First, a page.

Popular audio brand accused of spying on customers through headphones
Bose headphones are in serious hot water following data-collecting claims
Electronics company Bose is facing court over allegations they are collecting – and selling – data on their users without their permission.
And the scariest bit?
It’s all collected from a pair of headphones, that you probably have sitting at home.
According to Reuters the complaint was filed by Kyle Zak in Chicago, who claims that the Bode Connect app – used in conjunction with several of the brand’s headphone – violates the U.S Wiretap laws by, “secretly collecting, transmitting, and disclosing its customers' private music and audio selections to third parties, including a data mining company."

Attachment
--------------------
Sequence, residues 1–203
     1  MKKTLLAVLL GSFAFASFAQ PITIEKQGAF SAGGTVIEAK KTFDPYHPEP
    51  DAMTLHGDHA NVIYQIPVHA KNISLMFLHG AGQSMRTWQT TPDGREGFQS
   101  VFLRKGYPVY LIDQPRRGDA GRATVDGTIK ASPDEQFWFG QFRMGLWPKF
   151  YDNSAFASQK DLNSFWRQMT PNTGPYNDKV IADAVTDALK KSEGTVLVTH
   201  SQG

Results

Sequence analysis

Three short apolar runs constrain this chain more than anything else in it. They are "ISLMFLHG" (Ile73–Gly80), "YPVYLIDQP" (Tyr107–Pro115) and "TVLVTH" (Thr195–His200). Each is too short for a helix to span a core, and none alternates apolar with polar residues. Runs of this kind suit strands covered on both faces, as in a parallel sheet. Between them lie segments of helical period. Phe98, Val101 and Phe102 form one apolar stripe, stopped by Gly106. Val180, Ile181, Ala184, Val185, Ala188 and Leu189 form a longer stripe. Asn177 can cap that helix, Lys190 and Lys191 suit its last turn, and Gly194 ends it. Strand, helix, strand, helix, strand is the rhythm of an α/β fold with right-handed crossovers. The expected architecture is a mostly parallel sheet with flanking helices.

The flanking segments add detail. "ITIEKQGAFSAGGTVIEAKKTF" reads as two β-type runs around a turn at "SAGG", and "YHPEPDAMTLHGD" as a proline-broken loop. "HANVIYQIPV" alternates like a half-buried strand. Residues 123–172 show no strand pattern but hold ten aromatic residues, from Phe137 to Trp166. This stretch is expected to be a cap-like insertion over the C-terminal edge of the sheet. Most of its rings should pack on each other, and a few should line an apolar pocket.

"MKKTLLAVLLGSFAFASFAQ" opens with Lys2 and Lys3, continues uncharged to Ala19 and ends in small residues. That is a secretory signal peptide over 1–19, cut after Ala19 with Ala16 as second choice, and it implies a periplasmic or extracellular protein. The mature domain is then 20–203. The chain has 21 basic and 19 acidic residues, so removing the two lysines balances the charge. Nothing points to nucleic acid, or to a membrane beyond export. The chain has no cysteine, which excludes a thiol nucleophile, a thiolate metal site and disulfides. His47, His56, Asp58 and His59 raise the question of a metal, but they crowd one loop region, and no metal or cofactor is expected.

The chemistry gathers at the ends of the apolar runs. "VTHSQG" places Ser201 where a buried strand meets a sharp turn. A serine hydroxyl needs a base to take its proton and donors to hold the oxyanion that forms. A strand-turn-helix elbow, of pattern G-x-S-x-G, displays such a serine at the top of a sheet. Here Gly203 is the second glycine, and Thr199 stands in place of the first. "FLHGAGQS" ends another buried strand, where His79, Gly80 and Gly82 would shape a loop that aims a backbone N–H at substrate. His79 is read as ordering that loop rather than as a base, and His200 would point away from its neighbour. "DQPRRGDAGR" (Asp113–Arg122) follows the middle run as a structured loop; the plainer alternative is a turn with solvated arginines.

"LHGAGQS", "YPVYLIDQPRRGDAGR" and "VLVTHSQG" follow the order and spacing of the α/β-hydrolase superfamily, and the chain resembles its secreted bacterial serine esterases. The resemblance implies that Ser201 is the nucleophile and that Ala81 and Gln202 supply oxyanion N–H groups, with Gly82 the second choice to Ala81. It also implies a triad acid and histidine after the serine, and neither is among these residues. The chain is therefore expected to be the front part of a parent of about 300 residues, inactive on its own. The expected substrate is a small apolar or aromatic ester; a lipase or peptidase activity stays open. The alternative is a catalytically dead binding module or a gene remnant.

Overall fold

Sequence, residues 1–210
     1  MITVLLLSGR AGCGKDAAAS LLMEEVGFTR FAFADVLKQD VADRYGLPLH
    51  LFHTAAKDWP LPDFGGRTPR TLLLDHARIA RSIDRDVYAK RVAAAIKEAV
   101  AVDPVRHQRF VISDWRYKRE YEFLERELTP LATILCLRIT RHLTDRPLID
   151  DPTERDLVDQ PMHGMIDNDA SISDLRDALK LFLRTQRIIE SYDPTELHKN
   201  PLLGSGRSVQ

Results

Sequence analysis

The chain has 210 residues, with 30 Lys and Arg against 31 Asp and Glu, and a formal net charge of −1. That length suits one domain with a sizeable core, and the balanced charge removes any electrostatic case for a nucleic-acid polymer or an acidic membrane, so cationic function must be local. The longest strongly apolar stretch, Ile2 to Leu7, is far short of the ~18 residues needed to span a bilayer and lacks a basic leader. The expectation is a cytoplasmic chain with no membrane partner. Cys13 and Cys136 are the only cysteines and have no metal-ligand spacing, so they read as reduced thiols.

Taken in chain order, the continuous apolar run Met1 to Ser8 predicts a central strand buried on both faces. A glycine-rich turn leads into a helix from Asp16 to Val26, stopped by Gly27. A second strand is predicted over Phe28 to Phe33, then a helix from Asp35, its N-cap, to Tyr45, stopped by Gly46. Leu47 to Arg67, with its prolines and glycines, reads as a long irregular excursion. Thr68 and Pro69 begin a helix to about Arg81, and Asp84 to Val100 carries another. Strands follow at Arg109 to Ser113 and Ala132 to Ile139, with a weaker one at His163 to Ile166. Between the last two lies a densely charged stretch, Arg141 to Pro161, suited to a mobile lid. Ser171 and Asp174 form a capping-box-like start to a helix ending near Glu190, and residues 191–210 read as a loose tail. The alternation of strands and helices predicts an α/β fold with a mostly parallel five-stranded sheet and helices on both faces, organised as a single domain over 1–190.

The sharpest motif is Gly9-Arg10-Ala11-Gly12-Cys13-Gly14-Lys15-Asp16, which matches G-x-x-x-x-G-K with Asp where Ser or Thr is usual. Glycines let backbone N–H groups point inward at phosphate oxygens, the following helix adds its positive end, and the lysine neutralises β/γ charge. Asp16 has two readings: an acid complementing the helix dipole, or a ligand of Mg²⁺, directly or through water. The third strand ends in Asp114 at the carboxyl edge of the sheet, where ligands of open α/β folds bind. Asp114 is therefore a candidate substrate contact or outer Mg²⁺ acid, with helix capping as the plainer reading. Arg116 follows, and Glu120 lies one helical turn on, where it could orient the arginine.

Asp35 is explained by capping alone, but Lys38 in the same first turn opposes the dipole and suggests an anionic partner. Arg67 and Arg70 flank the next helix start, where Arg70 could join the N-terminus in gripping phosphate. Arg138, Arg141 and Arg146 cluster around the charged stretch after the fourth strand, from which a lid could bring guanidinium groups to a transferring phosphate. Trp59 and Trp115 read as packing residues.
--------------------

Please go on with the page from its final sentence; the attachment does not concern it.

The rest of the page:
Zak told the court that after purchasing a pair of the brand's QuietComfort 35 headphones, he followed Bose’s suggestion of downloading the app to his smartphone where he was asked to provide his name, email address and headphone serial number.
He was then shocked to discover hat Bose had sent all available media information from his smartphone to third parties, including segment.io who advertises that it, “collects all of your customer data and send it anywhere.”
Zak’s lawyer Christopher Dore told Reuters:
“People should be uncomfortable with it. People put headphones on their head because they think it's private, but they can be giving out information they don't want to share."
Zak is seeking millions of dollars in damages to be divided up among buyers of Bose's QuietComfort 35, QuietControl 30, SoundLink Around-Ear Wireless Headphones II, SoundLink Color II, SoundSport Wireless, and SoundSport Pulse Wireless.
Meanwhile, we’re not looking at our headphones the same way anymore.